What’s worse, the whole idea of snitching is highly dodgy. There’s a good reason that ‘telling tales’ is looked down on – and a good reason why it’s generally only been oppressive regimes (both real and fictional) that have encouraged people to report on their neighbours – from the worst of the Roman Emperors such as Tiberius and Caligula to the KGB, the Stasi and so forth. It’s creepy – and it helps build at atmosphere of distrust, breaking down the very things that make social networks good. The social relationships that are the heart of Facebook are meant to do ‘good’ things – not be a route by which bad things are spread.
Taking it a step further, look at the nature of the questionnaire. You’re being asked to report on a ‘friend’. If you say ‘I don’t want to answer’ that will be recorded – that’s the whole nature of Facebook – and it’s not hard to see that there could be a list of ‘people who don’t want to answer about their friends’. Indeed, under the terms of the Snoopers Charter, it wouldn’t just be Facebook who could access this kind of information: the authorities could potentially set up a filter to gather data on people who don’t confirm the names of their friends. It could be viewed as suspicious if you don’t answer – or even suspicious if you are friends with people who don’t answer. Again, this is the nature of Facebook’s social data – and how it could be misused.
And, as anyone who reads what I write about the Snoopers Charter etc will understand, though this may just be set up to catch paedophiles and terrorists, it can equally be used for all kinds of things. Potential employers who want to see whether their applicants are ‘open and honest’. Insurance companies for the same ‘reason’. Facebook is now in a situation where it needs to generate income – the failure of its IPO has made this even more crucial than before – and will be looking for ways to squeeze out as much revenue from their data as possible.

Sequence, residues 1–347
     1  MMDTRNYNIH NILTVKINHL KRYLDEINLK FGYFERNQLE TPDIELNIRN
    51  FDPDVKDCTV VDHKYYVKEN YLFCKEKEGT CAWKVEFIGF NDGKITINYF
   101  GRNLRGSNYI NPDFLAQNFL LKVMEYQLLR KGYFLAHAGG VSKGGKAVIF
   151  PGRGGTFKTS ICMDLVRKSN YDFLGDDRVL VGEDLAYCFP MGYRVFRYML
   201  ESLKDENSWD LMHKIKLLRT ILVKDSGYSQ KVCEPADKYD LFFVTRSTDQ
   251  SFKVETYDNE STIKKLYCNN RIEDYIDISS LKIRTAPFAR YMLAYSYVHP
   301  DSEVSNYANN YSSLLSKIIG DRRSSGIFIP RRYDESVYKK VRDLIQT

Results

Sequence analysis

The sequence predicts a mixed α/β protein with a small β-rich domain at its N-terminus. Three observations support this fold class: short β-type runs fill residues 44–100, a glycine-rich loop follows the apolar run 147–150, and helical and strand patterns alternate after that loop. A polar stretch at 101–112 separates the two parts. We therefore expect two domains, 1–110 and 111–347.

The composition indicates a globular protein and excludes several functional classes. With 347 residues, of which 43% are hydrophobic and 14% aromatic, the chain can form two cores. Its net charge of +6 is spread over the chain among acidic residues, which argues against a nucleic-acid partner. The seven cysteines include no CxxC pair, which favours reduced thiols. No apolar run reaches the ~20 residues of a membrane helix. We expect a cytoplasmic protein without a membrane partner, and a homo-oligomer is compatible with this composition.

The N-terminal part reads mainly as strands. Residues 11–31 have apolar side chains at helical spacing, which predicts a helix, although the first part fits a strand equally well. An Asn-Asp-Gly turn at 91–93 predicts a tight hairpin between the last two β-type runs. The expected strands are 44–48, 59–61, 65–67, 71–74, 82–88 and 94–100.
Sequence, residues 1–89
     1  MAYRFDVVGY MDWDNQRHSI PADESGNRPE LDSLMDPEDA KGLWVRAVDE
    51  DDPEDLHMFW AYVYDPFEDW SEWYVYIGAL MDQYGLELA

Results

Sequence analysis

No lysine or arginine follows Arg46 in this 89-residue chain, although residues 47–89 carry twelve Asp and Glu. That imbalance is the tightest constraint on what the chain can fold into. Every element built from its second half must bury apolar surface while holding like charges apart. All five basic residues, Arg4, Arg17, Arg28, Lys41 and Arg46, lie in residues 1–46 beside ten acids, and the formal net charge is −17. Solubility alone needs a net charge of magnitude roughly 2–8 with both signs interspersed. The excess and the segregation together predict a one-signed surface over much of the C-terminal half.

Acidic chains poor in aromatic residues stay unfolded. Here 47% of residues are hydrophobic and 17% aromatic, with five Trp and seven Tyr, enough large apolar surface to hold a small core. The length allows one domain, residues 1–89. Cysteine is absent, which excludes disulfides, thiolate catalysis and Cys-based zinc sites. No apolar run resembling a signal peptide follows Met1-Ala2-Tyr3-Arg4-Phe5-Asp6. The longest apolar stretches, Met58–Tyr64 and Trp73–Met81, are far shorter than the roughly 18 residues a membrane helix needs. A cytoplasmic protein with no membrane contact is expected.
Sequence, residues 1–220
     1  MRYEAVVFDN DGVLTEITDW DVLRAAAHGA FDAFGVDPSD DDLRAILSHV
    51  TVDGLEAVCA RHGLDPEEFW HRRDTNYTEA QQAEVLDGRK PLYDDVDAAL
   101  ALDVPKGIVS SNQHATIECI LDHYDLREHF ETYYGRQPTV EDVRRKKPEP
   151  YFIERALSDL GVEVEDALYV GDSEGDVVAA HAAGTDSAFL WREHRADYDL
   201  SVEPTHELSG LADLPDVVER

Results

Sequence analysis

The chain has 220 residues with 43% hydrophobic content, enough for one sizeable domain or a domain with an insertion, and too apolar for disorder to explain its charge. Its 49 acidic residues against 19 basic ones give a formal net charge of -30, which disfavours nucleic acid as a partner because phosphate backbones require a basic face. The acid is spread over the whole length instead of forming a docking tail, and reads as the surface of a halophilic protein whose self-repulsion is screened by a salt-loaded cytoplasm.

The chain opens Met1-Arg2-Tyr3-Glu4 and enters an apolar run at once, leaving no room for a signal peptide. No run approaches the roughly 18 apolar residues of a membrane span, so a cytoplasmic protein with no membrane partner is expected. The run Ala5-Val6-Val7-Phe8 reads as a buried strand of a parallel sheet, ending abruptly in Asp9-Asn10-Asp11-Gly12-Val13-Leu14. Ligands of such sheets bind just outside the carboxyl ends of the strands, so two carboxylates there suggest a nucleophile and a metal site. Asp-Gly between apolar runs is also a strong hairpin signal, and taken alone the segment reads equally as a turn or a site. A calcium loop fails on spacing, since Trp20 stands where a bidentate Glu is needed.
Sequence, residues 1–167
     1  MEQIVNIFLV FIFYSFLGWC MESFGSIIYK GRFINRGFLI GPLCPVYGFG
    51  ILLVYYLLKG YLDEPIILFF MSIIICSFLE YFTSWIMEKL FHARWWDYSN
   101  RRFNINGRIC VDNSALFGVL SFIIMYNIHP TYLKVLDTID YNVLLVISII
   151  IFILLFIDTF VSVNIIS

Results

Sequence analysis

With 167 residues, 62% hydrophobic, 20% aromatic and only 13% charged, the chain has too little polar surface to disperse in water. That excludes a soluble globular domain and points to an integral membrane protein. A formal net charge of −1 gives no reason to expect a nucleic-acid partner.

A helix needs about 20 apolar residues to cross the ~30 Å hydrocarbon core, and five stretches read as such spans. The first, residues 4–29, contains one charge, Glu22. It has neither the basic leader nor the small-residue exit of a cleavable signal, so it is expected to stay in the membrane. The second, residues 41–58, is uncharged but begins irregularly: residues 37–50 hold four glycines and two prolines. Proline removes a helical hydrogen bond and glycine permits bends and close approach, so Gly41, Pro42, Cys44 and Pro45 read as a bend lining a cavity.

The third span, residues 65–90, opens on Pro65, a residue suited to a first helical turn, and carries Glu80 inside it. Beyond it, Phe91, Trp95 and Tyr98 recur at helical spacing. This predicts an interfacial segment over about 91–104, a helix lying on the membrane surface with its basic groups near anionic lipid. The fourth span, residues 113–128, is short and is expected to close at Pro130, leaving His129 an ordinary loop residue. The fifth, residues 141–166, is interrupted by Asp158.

That, ultimately, is what lies behind this kind of thing: Facebook wants to make money. If it knows exactly who you are, it thinks it can make more money from you – by selling things to you, or by selling your details to others, or by targeting you more accurately in some other way. That’s perfectly understandable – indeed, from a business sense pretty much inevitable – but it does have consequences, particularly when the other uses that their data can be put are understood.
Oppressive regimes understand some of those uses – which is one of the reasons that the erstwhile Tunisian government, prior to the revolution, hacked into the Facebook login page in order to be able to access possible revolutionaries’ accounts. They knew how that information could be used…
What should be done?
Well, the first thing to do is make it clear that you don’t like this kind of a system. The whole idea of snitching should not be something that’s encouraged – indeed, the whole ‘real names’ system should be discouraged, but it seems hard to put that genie back into Facebook’s bottle. Ultimately, I suspect there’s only one answer: many people should simply leave Facebook. Find other ways to do the things you want to do, other ways that don’t require ‘real names’ and don’t use such sneaky and creepy tactics as snitching. Communicate by email, by twitter. Share your photos on other photo sites. Play games directly, not over Facebook. There’s always another way.